(a) the Member or an entity4 of which the Member is a partner, director, officer or employee is a party to the proceeding;
(b) the Member or an entity of which the Member is a partner, director, officer or employee represents a party in connection with the proceeding or is, or has been, engaged on behalf of a party in the preparation of a report or an opinion that is relevant to the factual context or issues in the proceeding; or
(c) the Member or an entity of which the Member is a partner, director, officer or employee was engaged, as a legal, actuarial or other representative or advisor, in connection with the specific matter that is the subject of the proceeding.
3. For the purposes of section 1 but subject to section 2, the following circumstances should not, of themselves, be considered to be indicative of a conflict of interest, on the part of a Member, in respect of a particular proceeding before the Tribunal:
(a) the Member or an entity of which the Member is, or was, a partner, director, officer or employee previously provided advice to a person other than a party to the proceeding or made submissions to the Financial Services Regulatory Authority on behalf of any such person in respect of matters that presented any of the same issues as those issues that have arisen or may arise in the proceeding;
(b) a party to the proceeding is a client or former client of an entity of which the Member is, or was, a partner, director, officer or employee but the Member has not been personally involved in providing services to that client and the nature of the relationship with that client is such that it would not give rise to a reasonable apprehension of bias.
(c) a party to the proceeding was a client of the Member or an entity of which the Member is or was a partner, director, officer or employee but that client relationship ended at least one year before the commencement of the proceeding before the Tribunal;
(d) a party to the proceeding is a client of an entity of which the Member was a partner, director, officer or employee but the Member has terminated his or her relationship with the entity at least one year previously and has ceased to receive income from the entity other than by way of retirement income, capital pay-out or termination payment or by way of fees that are not related directly to services provided to individual clients; or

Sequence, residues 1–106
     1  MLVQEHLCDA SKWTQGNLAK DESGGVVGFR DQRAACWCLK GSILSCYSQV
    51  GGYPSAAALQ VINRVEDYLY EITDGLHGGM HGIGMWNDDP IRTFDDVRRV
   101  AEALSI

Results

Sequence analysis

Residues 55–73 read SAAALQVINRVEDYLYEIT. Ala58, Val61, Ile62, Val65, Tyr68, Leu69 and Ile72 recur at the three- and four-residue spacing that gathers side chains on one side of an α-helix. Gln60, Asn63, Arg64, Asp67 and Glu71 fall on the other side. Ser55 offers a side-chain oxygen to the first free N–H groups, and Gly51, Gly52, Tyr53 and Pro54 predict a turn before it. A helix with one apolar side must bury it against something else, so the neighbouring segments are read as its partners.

(e) the Member has published a book or an article in a magazine, journal or newspaper, given a lecture or participated in a public presentation, or in the preparation of a report, in which an opinion is expressed concerning an issue or issues that may arise in the proceeding.
4. Nothing in sections 1 and 2 should be taken to interfere with the entitlement of a Member to refuse an assignment to a case or to withdraw from a case, on the basis that he or she has a conflict of interest.
5. Employees and appointees shall disclose fully any actual or apparent conflict of interest that may arise as a result of any direct or indirect beneficial interest that they may have in any entity within a regulated sector including, but not limited to:
a) holding any direct or indirect equity interest, other than as a participating policyholder, in any insurer, agent, adjuster or broker doing business in Ontario;
b) holding any direct or indirect equity interest in any corporation governed by the Loan and Trust Corporations Act;
c) serving as a member of the board of directors (or other comparable supervisory body), or as an officer, of any entity or licensee governed by theInsurance Act, the Loan and Trust Corporations Act, the Co-operative Corporations Act, the Credit Unions and Caisses Populaires Act, 1994 or theMortgage Brokers Act or any successor legislation;
d) engaging in the management of a business within a regulated sector;
e) holding any direct or indirect equity interest in a mortgage brokerage business carried on in Ontario; and
f) engaging in the supervision, management or administration of a pension plan or pension fund with members in Ontario.
6. The disclosure requirements in subsection 5(a) and (b) do not apply where the circumstances that might give rise to an actual or apparent conflict of interest result from:
a) investments in a mutual or segregated fund; or
b) investments held by the appointee and spouse of the appointee which:
i) comprise less than 1/100th of one per cent of the outstanding equity interest of any entity listed on a Canadian or foreign securities exchange; or